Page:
Can we regenerate our watersheds?
I am skeptical that those of us trained in western science should make claims about regeneration of the land or water. Understandably, as we witness degradation around us, we yearn to come into balance, to limit and maybe even correct some of the damages humans have wrought.
I do believe we can reduce our impact. Here in Vermont there are so many opportunities to give our friends — the land, the plants, the animals and the water — a chance to recover from a few centuries of development, agriculture, industry and pollution. So heartening to see willows and red osier dogwood sprouting thickly on formerly bare stream banks, to hear the insistent, loud call of the osprey who was once nearly extinct here, and to watch a moose lope through our fields, its population also rebounded from extirpation. Recovery is possible.
I’m willing to give us the benefit of the doubt, as long as we can remember that our tinkering may be misguided — or maybe one-dimensional — compared to the methods practiced for thousands of years by our Abenaki and Iroquois neighbors, and by the plants, animals, slime molds and fungi themselves. So much repair is needed; we are obligated to try.
What is the tinkering we could attempt that might help regenerate watersheds?
First step: I’d like us to consider setting aside our tinkering to get to know the spirit of a place. Or maybe you see this practice as following the Aristotelean path of making observations before hypothesizing. Either way, pausing to listen, look, smell and touch a place is important. Not only do bird-watchers, photographers, and artists do this, but so do hunters on their pre-dawn vigils in the forest, anglers clad in waders standing hip-deep in cool waters, and farmers walking their fields.
It takes time. Might the wetland delineator sit and eat her lunch slowly while gazing out at the wetland? Might the fluvial geomorphologist (that is, a scientist who studies how rivers behave) bring his family to spend a morning playing by the river he’s hired to analyze?
In her wonderful book “Braiding Sweetgrass,” Robin Wall Kimmerer says: “Restoring a habitat, no matter how well intentioned, produces casualties.” When Kimmerer spent hours upon hours to clear her eutrophic pond of mats of algae in order to restore the small body of water to a more balanced ecosystem, she had to keep reminding herself to pause. She found bullfrog tadpoles embedded in the gobs of green filamentous algae she raked to shore. She took the time to pick them out and throw them back in the water. When she whacked away at willows, she caught sight of a tiny bird’s nest just as she was about to cut the branches on which it sat. “I peered inside and there were three eggs the size of lima beans lying in a circlet of pine needles. What a treasure I had nearly destroyed in my zeal to ‘improve’ the habitat.”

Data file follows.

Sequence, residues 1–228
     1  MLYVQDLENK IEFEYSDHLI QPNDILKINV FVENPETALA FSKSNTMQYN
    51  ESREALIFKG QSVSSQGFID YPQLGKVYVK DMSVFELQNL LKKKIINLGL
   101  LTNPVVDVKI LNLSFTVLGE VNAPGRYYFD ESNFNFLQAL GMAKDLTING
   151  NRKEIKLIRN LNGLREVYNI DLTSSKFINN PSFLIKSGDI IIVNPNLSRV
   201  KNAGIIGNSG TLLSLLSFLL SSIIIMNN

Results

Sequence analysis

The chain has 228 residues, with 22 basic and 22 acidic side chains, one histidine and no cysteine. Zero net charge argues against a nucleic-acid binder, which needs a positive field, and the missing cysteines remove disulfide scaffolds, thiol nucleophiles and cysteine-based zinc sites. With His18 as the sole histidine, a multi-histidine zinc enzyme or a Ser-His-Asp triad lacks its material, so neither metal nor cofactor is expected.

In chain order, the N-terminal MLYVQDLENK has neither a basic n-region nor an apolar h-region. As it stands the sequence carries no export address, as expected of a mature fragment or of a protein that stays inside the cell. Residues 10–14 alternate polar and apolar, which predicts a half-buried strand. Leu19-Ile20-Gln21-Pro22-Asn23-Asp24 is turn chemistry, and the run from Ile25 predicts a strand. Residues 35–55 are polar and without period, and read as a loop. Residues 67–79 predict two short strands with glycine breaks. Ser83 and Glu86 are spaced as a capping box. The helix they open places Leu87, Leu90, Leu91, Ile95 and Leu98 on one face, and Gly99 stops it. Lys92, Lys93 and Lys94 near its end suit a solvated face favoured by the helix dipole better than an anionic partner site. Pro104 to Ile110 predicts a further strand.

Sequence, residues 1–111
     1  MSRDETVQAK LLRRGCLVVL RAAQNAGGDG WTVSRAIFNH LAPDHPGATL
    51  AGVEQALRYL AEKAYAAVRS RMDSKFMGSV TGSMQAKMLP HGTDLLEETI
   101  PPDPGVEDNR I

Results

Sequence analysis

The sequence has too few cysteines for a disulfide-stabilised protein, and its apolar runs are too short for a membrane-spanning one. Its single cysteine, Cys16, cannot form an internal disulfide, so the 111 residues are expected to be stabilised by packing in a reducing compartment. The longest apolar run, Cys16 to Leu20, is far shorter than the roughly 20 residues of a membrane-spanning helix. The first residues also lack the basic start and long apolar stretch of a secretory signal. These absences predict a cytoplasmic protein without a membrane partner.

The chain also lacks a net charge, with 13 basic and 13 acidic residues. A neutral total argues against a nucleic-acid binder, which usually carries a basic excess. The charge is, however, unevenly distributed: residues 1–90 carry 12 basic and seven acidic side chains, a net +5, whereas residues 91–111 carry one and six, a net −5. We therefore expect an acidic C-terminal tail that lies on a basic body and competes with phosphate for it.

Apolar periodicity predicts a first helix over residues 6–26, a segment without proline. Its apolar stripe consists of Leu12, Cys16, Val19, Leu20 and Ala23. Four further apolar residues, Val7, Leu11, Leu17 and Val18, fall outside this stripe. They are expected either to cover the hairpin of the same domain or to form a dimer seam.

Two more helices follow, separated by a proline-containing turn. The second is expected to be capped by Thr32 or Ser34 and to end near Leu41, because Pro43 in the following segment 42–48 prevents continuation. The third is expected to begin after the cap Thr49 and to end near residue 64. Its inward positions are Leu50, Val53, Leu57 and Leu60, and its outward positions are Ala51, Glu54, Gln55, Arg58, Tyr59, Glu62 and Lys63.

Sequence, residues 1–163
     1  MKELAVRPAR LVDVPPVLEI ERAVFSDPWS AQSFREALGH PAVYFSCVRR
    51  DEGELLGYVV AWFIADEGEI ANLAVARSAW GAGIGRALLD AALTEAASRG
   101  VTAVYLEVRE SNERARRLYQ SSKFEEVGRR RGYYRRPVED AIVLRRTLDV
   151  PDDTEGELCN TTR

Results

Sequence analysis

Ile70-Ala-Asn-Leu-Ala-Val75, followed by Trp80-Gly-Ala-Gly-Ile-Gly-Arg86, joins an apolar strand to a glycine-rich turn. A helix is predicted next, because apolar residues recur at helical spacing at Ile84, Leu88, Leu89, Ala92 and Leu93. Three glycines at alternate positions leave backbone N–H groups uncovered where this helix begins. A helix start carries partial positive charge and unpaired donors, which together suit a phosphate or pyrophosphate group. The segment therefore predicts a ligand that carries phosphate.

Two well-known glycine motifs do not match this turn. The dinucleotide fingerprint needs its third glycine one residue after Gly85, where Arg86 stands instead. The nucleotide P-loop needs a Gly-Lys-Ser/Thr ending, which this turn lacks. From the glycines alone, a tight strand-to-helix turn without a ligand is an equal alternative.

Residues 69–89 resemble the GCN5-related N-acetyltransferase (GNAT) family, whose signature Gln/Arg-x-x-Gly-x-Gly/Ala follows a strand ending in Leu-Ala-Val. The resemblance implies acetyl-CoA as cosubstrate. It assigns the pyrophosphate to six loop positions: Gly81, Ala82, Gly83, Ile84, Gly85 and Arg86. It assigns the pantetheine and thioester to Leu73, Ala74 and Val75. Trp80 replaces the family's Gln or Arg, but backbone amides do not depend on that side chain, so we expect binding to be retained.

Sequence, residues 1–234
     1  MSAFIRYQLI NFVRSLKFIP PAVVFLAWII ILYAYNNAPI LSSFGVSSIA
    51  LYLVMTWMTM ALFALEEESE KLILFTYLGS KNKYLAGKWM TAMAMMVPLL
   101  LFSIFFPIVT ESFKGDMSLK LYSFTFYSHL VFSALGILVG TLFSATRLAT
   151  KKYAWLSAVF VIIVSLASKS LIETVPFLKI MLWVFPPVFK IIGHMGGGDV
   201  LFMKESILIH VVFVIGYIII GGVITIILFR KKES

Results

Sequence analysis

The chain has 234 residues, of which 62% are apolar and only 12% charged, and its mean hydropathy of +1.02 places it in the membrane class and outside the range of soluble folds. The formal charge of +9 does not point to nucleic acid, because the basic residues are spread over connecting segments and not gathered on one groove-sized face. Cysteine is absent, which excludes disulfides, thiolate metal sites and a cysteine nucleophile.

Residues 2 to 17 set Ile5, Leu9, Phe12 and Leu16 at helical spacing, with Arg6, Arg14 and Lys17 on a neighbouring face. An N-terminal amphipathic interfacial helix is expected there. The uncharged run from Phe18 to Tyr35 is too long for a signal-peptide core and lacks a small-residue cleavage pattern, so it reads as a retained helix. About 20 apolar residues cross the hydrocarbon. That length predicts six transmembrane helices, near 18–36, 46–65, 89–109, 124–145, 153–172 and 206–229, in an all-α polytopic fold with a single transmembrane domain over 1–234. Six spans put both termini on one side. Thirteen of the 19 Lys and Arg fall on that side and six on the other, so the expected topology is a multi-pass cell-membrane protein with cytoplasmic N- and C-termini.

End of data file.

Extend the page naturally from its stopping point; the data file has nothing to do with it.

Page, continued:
Next step: try to let nature do her own repairing, when possible.
David Brynn of Vermont Family Forests believes that part of our duty is to enable the comeback of “healthy, intact, self-willed, wild, old forests,” especially in riparian zones (i.e., near-river places) and floodplains. Marc and Cheryl Cesario, of Meeting Place Pastures in Cornwall, point to the advantages of grazing their cows and sheep in way that “mimics natural herbivorous herds,” moving their animals from one paddock to another every 8-12 hours.
Case Study: Last Resort Farm’s Approach
“Pretty much everything we do has to do with conservation of water,” Eugenie Doyle observed on a sunny afternoon this early spring. Doyle, her husband, Sam Burr, and their son, Silas Doyle-Burr, produce certified organic hay, maple sap, small fruits, vegetables, cover crops, and hemp at Last Resort Farm in Monkton.
Doyle, Burr and Doyle-Burr use drip irrigation to conserve water. They plant cover crops, which add organic matter to the soil and help it hold water. They fertilize carefully to reduce the amount of nutrients that are leached out of their fields by rain.
On that recent spring day Burr brought visitors to an area of the farm’s landscape that — with some nudging from various partners — is in the process of healing itself. In an attempt to protect water quality, Burr got involved in a water stewardship project that was designed to encourage nature to heal some damage that had occurred over a number of years. Burr pointed out six channels through a steep sugarbush treated with rocks, logs, and brush. The forest did not always look like this.